Why write about cemeteries?
In addition to being an historical, integral and necessary part of an island city that did not have adjacent land areas for that function, long “closed” cemeteries embedded in the urban fabric have left open spaces that give relief to the very dense cityscape as part of larger public plazas (campi, in Venice) or intimate campielle and corte (smaller open spaces not typically central to a neighborhood’s life).
They are part of the endlessly fascinating puzzle that is Venice.
Those who become familiar with Venice learn of the “Cemetery Island”, San Michele, that all visitors to the City pass while traveling to Murano and Burano in the northern Lagoon. Many have shared their photographs of scenes within this vast cemetery, particularly of gravestones of the famous, often non-Venetian, dignitaries entombed there for at least as long as the rent is paid.
San Michele began as a monastery island, “repurposed” in the early 19th Century and later combined with adjacent Isola di San Crisopho, site of a long-demolished monastery, as an “out of the city” final resting place by dictate of the French or Austrian occupation administration. Public health concerns – and perhaps a little real estate speculation or simple fear – led to that decision.
Other large cemeteries exist farther from the City, such as the Catholic and Jewish Cemeteries near San Niccolo de Lido. The “ossary island” at La Cura, within the precincts of the ancient cities of Ammiano and Constanziaco, abandoned by the 15th Century as they sank beneath the waves, is now famous (or infamous) as the resting place for bones disinterred from San Michele when the “rent was up”. Such would each be the subject of lengthy articles to give them their due.
A Necessary Adjunct to Community Life, and Death
During the prior millennium and a half, cemeteries existed adjacent to many parish churches, or associated with monasteries, convents, hospitals and confraternite (scuole). Many have become indiscernible in situ. Some were within the main area of a Campo, with the parish church the heart of neighborhood life. A chapter written by Dario Zanverdiani in “Venezia Citta Mirabile – Guida alla Veduta Prospettica di Jacopo de’Barbari” (Cierre edizioni, Verona, 2009) highlights a few locations and clues to finding them from Barbari’s famous map of 1500.
Today, a few old cemeteries are identifiable by a raised paved area covering the site, the name of an open space, or a street name retaining a clue to their location. These locations include, but are not limited to:
o Campiello Nuovo o dei Morti, separated from the front of Santo Stefano by one narrow row of buildings. Eight steps up – almost four feet – from the connecting streets! Remember – High water table; no digging in the Lagoon! Was this area previously visible from the church as part of a larger Campo or “found space” for a “late-comer” monastery”?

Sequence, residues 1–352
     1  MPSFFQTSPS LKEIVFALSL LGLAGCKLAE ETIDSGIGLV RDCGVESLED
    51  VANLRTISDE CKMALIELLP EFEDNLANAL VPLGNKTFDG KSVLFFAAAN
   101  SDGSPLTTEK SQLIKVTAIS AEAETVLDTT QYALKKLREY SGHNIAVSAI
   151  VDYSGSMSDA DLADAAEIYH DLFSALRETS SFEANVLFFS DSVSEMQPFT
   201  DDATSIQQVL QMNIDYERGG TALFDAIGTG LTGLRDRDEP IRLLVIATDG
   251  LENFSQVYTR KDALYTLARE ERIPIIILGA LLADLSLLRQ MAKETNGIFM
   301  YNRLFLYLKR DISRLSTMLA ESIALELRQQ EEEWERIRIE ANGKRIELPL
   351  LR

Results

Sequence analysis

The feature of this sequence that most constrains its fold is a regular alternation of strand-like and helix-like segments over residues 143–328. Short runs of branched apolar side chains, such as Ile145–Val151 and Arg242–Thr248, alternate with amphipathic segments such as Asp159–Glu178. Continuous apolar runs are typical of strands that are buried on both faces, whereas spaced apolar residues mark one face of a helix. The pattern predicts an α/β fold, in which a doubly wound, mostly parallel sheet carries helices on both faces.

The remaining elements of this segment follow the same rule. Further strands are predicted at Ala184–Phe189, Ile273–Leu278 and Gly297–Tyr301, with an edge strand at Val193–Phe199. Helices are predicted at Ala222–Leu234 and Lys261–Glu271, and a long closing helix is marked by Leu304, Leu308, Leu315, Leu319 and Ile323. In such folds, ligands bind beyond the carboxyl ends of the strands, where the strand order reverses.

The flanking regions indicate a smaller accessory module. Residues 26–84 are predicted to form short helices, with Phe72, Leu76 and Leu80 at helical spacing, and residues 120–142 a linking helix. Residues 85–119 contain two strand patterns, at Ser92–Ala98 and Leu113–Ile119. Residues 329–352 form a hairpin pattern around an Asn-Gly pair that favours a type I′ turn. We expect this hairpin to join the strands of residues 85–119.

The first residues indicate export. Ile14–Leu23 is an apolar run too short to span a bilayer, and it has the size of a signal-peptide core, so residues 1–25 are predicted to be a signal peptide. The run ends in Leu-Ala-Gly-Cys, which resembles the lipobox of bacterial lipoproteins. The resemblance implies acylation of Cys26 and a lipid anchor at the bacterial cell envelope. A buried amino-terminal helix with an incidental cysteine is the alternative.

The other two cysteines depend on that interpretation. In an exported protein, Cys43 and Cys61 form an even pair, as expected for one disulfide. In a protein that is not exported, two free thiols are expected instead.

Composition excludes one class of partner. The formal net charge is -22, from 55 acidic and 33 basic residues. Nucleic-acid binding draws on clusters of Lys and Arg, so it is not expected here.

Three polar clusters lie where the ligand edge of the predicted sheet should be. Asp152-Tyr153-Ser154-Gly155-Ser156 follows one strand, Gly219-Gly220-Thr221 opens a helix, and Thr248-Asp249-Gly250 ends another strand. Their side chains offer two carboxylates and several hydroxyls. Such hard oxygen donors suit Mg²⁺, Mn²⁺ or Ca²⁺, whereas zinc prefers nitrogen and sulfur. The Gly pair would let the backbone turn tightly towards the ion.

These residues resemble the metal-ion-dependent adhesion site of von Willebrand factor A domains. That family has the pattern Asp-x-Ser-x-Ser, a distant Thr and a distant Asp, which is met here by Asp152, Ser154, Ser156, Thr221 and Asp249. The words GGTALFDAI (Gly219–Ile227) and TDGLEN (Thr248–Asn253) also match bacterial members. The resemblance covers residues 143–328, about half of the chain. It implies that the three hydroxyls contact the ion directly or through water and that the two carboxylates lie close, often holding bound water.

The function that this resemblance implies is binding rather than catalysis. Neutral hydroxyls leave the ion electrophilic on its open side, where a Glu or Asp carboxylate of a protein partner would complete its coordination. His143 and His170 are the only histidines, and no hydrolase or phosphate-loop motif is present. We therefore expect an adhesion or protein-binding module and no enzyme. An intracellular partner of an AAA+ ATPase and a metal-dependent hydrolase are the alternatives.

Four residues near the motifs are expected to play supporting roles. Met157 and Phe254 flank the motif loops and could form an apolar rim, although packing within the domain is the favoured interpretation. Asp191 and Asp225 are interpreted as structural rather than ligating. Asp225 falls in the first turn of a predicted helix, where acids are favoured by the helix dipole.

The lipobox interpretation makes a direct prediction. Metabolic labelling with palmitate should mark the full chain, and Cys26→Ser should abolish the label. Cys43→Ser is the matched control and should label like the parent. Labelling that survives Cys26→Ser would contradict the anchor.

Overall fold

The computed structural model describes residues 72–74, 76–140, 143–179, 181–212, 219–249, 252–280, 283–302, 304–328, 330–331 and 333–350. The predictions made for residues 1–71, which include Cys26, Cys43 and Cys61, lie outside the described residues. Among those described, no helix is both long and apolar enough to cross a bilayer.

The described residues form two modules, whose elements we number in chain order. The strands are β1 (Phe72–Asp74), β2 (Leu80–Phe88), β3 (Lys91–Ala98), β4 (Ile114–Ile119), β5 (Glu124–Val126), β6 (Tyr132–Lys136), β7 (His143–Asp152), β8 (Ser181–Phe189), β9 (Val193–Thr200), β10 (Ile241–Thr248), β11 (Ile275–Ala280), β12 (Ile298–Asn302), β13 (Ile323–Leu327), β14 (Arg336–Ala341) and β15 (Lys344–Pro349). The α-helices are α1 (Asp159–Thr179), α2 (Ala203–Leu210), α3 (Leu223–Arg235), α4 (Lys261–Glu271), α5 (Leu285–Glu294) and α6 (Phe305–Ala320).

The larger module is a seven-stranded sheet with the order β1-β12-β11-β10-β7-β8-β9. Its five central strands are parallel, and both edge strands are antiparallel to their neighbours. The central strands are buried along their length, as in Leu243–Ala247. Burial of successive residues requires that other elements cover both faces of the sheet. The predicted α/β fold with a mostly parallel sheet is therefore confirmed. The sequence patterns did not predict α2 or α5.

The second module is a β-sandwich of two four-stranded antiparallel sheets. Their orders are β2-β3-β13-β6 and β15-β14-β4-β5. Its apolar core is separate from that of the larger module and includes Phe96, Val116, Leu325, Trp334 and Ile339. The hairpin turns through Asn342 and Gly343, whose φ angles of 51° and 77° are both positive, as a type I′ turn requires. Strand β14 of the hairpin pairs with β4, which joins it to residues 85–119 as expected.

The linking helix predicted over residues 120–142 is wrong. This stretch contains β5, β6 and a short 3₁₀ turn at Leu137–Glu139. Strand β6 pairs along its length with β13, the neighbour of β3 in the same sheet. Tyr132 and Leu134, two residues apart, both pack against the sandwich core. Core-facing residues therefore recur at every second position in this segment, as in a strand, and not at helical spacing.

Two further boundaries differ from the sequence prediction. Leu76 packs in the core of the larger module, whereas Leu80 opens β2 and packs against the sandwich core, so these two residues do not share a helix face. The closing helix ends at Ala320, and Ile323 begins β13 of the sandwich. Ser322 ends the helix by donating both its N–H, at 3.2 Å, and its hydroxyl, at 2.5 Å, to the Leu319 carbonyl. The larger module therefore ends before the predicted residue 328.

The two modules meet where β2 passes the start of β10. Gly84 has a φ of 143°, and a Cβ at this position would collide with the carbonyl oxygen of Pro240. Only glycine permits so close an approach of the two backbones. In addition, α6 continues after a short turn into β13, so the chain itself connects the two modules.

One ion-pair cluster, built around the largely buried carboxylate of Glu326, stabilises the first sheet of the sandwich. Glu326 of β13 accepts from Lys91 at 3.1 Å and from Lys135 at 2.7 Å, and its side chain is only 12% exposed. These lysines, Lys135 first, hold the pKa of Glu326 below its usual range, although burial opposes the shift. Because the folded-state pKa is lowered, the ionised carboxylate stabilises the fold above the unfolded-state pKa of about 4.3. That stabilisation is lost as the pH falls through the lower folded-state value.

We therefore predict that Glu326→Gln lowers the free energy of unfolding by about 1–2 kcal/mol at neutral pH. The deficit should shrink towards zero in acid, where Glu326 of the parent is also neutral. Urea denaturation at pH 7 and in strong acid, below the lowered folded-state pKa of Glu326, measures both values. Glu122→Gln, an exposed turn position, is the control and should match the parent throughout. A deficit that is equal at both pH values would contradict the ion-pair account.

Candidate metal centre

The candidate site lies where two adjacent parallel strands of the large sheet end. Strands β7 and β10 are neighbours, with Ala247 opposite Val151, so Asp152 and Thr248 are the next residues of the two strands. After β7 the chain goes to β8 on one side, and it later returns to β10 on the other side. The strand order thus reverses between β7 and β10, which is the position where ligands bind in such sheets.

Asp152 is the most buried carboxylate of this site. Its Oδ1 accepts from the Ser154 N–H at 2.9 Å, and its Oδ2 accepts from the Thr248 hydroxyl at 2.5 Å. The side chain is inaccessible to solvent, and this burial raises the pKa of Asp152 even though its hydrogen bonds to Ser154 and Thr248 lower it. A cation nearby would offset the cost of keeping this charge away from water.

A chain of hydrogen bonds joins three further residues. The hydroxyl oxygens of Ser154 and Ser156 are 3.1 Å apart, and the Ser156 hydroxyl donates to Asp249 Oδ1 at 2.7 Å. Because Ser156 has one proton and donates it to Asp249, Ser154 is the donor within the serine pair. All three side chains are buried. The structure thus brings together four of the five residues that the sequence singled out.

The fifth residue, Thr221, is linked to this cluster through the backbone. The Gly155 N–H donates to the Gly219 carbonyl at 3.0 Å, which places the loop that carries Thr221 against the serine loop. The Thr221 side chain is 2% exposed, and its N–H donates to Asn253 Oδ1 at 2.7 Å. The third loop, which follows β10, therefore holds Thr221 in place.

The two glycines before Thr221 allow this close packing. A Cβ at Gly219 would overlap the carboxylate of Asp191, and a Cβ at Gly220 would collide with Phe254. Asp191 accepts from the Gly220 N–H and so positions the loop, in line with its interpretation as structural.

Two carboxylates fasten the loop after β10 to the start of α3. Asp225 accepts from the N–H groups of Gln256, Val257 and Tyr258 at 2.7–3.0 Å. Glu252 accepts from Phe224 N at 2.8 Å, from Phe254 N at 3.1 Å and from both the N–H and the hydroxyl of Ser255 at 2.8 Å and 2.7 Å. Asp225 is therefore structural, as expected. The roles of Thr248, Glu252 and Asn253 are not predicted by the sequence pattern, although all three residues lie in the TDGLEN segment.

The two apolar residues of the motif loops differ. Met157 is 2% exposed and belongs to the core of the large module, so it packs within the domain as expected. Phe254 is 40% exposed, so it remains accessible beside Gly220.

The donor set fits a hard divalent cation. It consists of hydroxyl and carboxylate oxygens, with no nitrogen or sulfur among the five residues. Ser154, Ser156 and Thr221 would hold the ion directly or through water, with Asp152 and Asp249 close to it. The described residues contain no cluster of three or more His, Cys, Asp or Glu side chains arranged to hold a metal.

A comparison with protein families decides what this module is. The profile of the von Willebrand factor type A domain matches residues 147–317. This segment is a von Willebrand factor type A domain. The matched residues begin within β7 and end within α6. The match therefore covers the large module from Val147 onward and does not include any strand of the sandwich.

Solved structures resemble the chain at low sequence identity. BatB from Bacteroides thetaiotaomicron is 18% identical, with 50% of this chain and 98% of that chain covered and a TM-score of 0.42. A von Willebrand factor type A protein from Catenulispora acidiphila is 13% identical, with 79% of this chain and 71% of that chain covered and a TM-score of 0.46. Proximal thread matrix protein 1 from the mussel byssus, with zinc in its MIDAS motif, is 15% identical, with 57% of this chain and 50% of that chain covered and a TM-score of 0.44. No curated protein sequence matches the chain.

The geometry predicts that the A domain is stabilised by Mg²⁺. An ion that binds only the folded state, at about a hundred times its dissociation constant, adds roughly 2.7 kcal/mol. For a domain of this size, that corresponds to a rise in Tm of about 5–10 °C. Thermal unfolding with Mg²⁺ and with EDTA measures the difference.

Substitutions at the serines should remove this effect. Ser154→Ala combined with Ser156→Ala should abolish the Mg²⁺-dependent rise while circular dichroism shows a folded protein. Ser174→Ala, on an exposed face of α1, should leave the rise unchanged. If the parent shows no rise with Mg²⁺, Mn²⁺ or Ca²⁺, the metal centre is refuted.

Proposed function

o Campiello dei Morti o del Piovan, alongside San Giacomo dell’Orio, and now the location of several well-known outdoor cafes and a supermarket.
o Somewhere along Calle dei Morti in Sestiere Santa Croce, across the rio from the façade of San Cassan.
o Campiello Sartorio o dei Monti, near the long-demolished San Basegio.
o San Zaccharia: Jeff Cotton’s “The Churches of Venice” site ( http://www.churchesofvenice.co.uk/ ) notes, “The 16th Century cloister to the left of the church was built over the original convent cemetery”, now walled in by a formerly open loggia dividing the main Campo from the cemetery.
o Campo Drio il Cimitero next to Anzolo Rafael.
o Campo San Benedetto in Sestiere di San Marco.
o Cimitero di San Geremia in Cannaregio had fine frontage on the Canale Grande, and is identifiable on Barbari’s “Veduta Prospettica” of 1500, with a loggia for traghetto access and a building for the “Scuola dei Morti”.
o Cimiterio di Convento di San Giobbe, “un’area libera subito a destra del campanile, solo parzialmente delimitate verso la fondamento” per Dario Zanverdiani in “Venezia Citta Mirabile”, page 162.
o Cimiterio del’Carita (now the Accademia) “attorno alle absidi chiuso da un muro” (Barbari’s map & Zanverdiani’s text).
o Servi, “il terreno di fronte alla Scuola dell’Annunziata presenta le suddivsioni per le arche dei confratelli” (Zanverdiani per Barbari map)
o San Zanipolo “mostra gli spazi rivolti a sud, tra le Scuolo di San Pietro Martire e Sant’Orsola fino al Bersaglio” (Zanverdiani per Barbari map).
o Celestia: Again, from Barbari’s map via Zanverdiani, “…c’e un cortile dietro la chiesa che un muro divide dall’orto.”
o Chiesa dei Crociferi: “La presenz di luoghi di sepoltura puo essere ipotizzata nell’amtio di altri monastery, in paricolare quell recinto spogilo che chiudeva a nord, ospitando un’edicola, il sagrato della Chiesa dei Crociferi” (Zanverdiani per Barbari map).
o Mendicoli all’ex Cotonificio Veneziano di Santa Marta.
We Have Limits!
Did cemeteries exist at all of the “raised” open areas of the City? Campo San Trovaso has one, often described as work performed to improve water collection and storage for its pozzo. Campo San Benedetto is similar, and also Campo San Angelo to a lesser degree. Other gardens and cloisters have raised central areas, such as that of Santo Stefano, focused on pozzi and collection systems.
Would one ever find a domestic water collection system and well where there had been a cemetery? Just “relocate” the former residents, and install the utilities? Since that seems very macabre and unsanitary, may we just declare those all “infrastructure improvements” and never a cemetery”?
Never confuse “correlation” with “causality”…Ever!